Moreover, the name “Mi Negra,” was Rosales’ attempt to woo the large black and mixed-race majority, in whose eyes the opposition is largely identified with the white and wealthy upper classes. Opposition ideologues claimed that the name comes from the color of crude oil. But Rosales employed a black Venezuelan woman to accompany him on his campaign rounds as he promoted the idea of “Mi Negra,” showing that the name has distinctly racial overtones. This was a tokenistic gesture on the part of an opposition largely out of touch with ordinary people, and it also reinforced stereotypes about black people being dependent on handouts from the government.

Even before the results of the elections were out, polls by the Venezuelan daily newspaper El Nacional in 2006 showed that about 59 percent of the population rejected the “Mi Negra” proposal. But the resounding electoral defeat of Rosales, who received 38 percent of the vote compared to Chávez’s 62 percent, clearly demonstrated the unpopularity of the neopopulist approach among a population who wants money going towards creating employment, health and welfare services, and education.

The results of the Venezuela elections seemed to replicate those of the November 26 elections in Ecuador, where leftist candidate Rafael Correa took 65 percent of the vote over conservative candidate Alvaro Noboa who received 35 percent. Like Chávez, Correa ran his campaign on an open platform of opposition to neoliberalism and US hegemony. Correa spoke of the need for Ecuador to cut its ties with the World Bank and the International Monetary Fund, and he also proposed to hold a referendum to rewrite the constitution, as took place in Venezuela after Chávez was elected in 1998. Correa pledged to break the lease of the Manta air base to the US for its anti-drug operations, and to increase the royalties extracted from foreign oil companies, similar to Morales’ actions in Bolivia. Like Chávez, Correa clearly differentiated himself from his rival candidate by outlining an alternative path of development to the neoliberal model.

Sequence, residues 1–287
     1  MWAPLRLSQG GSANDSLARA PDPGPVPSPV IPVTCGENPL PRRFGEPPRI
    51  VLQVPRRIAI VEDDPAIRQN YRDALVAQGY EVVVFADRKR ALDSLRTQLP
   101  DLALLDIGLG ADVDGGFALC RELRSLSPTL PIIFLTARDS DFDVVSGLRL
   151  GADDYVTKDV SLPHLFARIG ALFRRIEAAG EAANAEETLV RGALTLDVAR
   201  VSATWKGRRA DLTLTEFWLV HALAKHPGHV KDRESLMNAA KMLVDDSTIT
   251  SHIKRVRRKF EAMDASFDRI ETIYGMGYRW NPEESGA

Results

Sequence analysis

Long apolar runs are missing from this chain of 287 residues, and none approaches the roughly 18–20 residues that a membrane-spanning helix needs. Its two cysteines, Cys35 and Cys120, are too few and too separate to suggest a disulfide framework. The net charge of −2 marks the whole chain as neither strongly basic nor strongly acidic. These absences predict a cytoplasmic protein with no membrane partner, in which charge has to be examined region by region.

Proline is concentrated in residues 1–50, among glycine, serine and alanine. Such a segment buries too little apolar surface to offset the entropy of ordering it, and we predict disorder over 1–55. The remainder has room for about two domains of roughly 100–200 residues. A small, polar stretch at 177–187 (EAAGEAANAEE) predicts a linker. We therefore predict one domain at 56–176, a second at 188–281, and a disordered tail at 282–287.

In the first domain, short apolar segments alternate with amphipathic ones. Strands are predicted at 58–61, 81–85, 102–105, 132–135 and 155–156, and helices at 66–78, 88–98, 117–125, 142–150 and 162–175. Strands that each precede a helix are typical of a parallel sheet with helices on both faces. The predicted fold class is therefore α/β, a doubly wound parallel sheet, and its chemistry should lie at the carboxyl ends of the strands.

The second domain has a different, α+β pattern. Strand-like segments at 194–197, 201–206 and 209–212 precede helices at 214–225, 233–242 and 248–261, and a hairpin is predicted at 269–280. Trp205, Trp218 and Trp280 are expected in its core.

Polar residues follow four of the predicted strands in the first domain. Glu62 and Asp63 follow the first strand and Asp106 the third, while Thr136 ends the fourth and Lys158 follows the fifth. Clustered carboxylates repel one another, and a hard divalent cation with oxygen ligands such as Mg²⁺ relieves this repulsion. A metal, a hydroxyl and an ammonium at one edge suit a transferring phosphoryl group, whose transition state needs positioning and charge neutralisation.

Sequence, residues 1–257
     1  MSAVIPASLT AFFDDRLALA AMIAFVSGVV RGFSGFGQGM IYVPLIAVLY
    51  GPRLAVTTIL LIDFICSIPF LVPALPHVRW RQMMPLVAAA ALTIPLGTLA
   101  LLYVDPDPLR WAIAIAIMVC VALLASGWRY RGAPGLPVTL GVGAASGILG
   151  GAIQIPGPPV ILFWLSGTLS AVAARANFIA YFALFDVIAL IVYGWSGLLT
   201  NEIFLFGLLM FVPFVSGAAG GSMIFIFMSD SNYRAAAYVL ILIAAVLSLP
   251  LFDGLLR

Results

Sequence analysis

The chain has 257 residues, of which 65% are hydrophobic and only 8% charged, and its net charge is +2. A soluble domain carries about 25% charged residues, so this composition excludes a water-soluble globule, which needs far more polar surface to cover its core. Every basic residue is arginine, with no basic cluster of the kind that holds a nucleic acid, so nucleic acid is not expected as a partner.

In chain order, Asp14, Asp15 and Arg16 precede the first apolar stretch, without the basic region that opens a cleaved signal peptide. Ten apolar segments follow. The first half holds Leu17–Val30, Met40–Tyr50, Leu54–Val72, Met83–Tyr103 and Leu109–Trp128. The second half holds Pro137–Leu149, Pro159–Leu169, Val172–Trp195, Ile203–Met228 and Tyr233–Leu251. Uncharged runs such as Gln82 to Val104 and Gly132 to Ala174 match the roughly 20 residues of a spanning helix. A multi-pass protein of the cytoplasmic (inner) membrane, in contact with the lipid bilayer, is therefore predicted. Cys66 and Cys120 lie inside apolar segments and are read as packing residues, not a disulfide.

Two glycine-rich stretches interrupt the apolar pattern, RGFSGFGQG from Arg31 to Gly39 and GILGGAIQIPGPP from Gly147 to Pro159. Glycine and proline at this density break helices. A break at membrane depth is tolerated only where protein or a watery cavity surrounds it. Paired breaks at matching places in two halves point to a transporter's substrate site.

Daniel Ortega, leftist leader of the Sandinista National Liberation Front (FSLN), was also recently elected in Nicaragua on November 5 with a more narrow 38 percent of the votes. Unlike Chávez and Correa, Ortega tried to appeal to both business sectors and free-trade advocates, while also highlighting his revolutionary background and opposition to US hegemony. His more moderate approach puts him closer to Brazil’s Lula, Argentina’s Kirchner, and Chile’s Bachelet in the political spectrum. But nevertheless, his victory came even despite direct intervention by US ambassador Paul Trivelli and threats by US Congressmen to pull out loans and remittances if Ortega was elected.

For the overall balance sheet at the end of 2006, leftist leaders of the pink tide have emerged in an even stronger position than before, with the exception of a few losses in Mexico and Peru to conservative candidates. Electoral successes are being strengthened by growing regional, but also global ties. In November, the Iberoamerica summit, hosted by Uruguay, brought together twenty-two Ibero-American countries, including Spain and Portugal, to discuss issues of migration and development. The countries signed the “Montevideo Commitment,” which contains statements against the criminalization of immigrants and a critique of the US proposal to build a fence along its border with Mexico. Emerging south-south strategic alliances, such as Brazil-South Africa-India ties and Cuba-Venezuela ties, are a concrete alternative to the free trade agreements that Washington was peddling in Latin America over the last decade.

But the presence of these left-leaning leaders means little without mobilization and support from the grass roots to ensure that they carry out their campaign promises. While recent elections have allowed leftist candidates to put alternative proposals on the agenda, once elected they must still work within the framework of a bourgeois state apparatus. This fact was recognized by the Zapatistas in the July elections in Mexico, as they did not campaign for leftist leader Manuel López Obrador, but rather sought to highlight the weaknesses of the electoral system. In order to carry out more radical and far-reaching changes leftist leaders must be prepared to allow popular input and participation in decision-making, with grass roots mobilizations and local popular assemblies. If these presidents renege on their promises, or shut out popular sectors, they may find themselves being ousted by popular movements, as took place with former Ecuadorian president Lucio Gutierrez in April 2005.

The death on December 11 of former Chilean dictator Agosto Pinochet, one of the chief architects of neoliberal economic reforms, is a fitting close to an era of unbridled optimism over free market economics in the region. It still remains to be seen if and how successes in the electoral arena will translate into broader changes in society, but the recent elections at least showed that the building of a counter-hegemonic alternative will surely be on the agenda for this coming year.